If you have a Canon compact camera running the Canon Hack Development Kit (CHDK) firmware, you can create a simple shutter release cable using some cheap components. The firmware causes the camera to snap a photograph anytime 5V is sent down a USB cable connected to the camera. You can do this using a USB cable (e.g. the one that comes with your camera), 5V battery, simple push button, and some kind of housing (a metal candy tin, for example). Oh, and you’ll need to be comfortable cutting up and soldering wires. Luo Bo Te over at kisstheasphalt has written up a tutorial on how to put everything together.
Photographer Jared Krause made this simple camera strap for shooting on the streets of Toronto. The length of nylon rope he used cost just $2.50. Due to cold weather, Krause almost always wears the strap outside a jacket or sweatshirt, but if you’re shooting in warmer weather it might be wise to add some padding for comfort.
Camera bags can get pricy, and when it comes to camera bags that travel well (i.e. on wheels) prices can really skyrocket. In fact, if you type “Rolling Camera Bag” into Amazon your first three options will run you $262.54, $171.07, and $249.00.
So if your idea of prepping for a vacation with your camera doesn’t include a hefty bag budget, Jerrit Pruyn over at FStoppers has a great solution: take your ordinary rolling carry-on bag, buy a matching Calumet Padded Insert for about $30, and put the two together. The result is pretty indistinguishable from some of the rolling camera bags you’ll find on the market.
Photography enthusiast Jeff Vier made himself a cheap DIY grid spot using a $5 gutter downspout adapter he purchased from Home Depot and a $0.50 bag of drinking straws. Simply cut all the straws to the same length (the longer the straws, the more focused the light), carefully arrange them inside the adapter, and then use super glue to fix them into place. Vier found that his makeshift adapter fit perfectly over his Speedlight 580 EX II without any adjustments.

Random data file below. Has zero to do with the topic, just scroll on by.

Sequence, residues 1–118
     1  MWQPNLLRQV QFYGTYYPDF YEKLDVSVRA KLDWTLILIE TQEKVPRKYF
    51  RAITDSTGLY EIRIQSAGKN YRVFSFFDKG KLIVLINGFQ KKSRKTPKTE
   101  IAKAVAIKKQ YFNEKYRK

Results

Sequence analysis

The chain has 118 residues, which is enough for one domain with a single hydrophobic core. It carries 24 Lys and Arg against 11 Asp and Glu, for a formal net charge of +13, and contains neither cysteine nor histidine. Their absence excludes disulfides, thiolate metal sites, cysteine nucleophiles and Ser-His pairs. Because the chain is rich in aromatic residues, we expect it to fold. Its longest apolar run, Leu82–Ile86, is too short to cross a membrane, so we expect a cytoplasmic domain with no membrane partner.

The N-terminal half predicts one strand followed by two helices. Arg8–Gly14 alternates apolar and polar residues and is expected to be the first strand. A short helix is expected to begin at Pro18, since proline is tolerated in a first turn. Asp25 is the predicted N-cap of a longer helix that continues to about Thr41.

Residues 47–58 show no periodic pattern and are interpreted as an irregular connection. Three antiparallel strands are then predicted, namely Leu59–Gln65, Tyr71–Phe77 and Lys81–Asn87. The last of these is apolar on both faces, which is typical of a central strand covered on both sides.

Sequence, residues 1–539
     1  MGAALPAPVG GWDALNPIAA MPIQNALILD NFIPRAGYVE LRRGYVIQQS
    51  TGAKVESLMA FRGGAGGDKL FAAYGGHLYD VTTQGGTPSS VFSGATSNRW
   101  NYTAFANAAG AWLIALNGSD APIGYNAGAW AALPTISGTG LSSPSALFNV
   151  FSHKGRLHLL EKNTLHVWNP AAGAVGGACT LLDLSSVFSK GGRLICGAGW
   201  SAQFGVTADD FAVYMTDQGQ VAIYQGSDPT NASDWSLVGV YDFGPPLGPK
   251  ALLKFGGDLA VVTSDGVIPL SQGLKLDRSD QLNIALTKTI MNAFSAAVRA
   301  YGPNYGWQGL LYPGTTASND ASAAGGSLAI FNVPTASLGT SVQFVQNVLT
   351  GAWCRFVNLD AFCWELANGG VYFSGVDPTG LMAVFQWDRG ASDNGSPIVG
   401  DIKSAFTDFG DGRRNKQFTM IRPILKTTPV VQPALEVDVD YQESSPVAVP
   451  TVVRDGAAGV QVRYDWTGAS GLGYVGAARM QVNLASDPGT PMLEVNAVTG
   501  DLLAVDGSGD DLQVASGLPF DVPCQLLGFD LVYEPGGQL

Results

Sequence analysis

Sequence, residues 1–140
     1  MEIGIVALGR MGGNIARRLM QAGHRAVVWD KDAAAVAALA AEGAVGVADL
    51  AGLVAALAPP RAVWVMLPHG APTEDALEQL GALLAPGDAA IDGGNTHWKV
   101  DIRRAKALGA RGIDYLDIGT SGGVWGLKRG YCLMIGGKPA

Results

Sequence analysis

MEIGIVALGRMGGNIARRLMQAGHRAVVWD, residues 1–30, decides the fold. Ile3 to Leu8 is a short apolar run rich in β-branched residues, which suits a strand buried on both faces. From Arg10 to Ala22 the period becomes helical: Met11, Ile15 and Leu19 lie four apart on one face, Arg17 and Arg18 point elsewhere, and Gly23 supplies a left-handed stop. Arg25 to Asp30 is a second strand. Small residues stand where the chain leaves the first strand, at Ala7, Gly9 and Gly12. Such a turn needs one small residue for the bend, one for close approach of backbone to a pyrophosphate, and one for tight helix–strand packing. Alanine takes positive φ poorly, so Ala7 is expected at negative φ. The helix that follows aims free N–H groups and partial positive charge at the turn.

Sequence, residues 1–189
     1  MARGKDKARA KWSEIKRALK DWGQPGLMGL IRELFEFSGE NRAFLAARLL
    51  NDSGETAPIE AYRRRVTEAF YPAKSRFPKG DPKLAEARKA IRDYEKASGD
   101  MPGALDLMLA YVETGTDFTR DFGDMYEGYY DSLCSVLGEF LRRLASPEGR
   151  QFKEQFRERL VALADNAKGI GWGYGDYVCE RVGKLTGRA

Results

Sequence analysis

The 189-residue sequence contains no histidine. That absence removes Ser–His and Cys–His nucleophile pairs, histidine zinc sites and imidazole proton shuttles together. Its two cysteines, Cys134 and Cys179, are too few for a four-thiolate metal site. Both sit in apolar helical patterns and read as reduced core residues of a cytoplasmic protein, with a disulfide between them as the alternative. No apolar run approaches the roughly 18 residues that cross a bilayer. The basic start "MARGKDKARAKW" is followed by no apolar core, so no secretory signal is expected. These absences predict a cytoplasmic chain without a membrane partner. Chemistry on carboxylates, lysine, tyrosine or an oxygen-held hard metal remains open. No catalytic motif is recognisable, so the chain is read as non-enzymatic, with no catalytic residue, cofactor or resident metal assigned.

Here’s a short video tutorial on how you can make a cozy for lens protection using some fleece and some velcro. It’s a simple wrap that allows you to keep your lens safe when transporting it in something other than a camera bag. Simply measure out a piece of fleece that’s the appropriate size and sew some velcro onto the ends. The project takes about 30 minutes and costs a buck or two for each cozy.
Physics guru David Prutchi recently came across a line of professional grade gyroscopic camera stabilizers by Kenyon Laboratories. They cost thousands of dollars each, but Prutchi noticed that the designs hadn’t changed much since they were first patented in the 1950s. He then set out to create his own DIY version using low-cost gyroscopes from Gyroscope.com. His finished device (shown above) actually helps stabilize his DSLR when shooting video or when photographing with non-image-stabilized lenses. Read more…
If you want an extra personal touch at birthday parties, you can turn portraits of the birthday boy or girl into picture perfect party hats! Simply print out a portrait using a special template, turn it into a cone, add some fringe, and you’re done. Eden over at Sugar and Charm has the low down.
Photographer Allen Mowery has a step-by-step tutorial on how to build a useful DIY flash mounting accessory using a ratcheting hand clamp and standard 1/4-inch threaded screw. It’s a cheap DIY version of the Super Clamp or Nasty Clamp, and can help you place your flash in places that are inaccessible to light stands or traditional equipment.
Photography enthusiast Kris Robinson used to handhold a flash above his subjects for macro photographs, but then he got tired of doing that and ran out of hands. He then came up with the brilliant idea of making a do-it-yourself contraption that attaches to his flash when it’s mounted to the hotshoe. The light travels down a tube lined with reflective aluminum tape, and is bounced downward onto the subject through a diffused lightbox. For a couple sample shots, see here and here.
P.S. Robinson also offers a tip for shooting macro photos of insects: if you place them into your freezer for a minute or two, they’ll sit nice and still for a while before warming up and scurrying away.
Image credit: IMG_0495 by Kris Robinson and used with permission